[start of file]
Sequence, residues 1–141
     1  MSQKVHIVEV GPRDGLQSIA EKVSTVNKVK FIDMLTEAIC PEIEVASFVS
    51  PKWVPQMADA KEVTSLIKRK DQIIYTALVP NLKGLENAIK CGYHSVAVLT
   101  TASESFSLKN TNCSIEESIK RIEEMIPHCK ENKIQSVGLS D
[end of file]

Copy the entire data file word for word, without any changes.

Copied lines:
Sequence, residues 1–141
     1  MSQKVHIVEV GPRDGLQSIA EKVSTVNKVK FIDMLTEAIC PEIEVASFVS
    51  PKWVPQMADA KEVTSLIKRK DQIIYTALVP NLKGLENAIK CGYHSVAVLT
   101  TASESFSLKN TNCSIEESIK RIEEMIPHCK ENKIQSVGLS D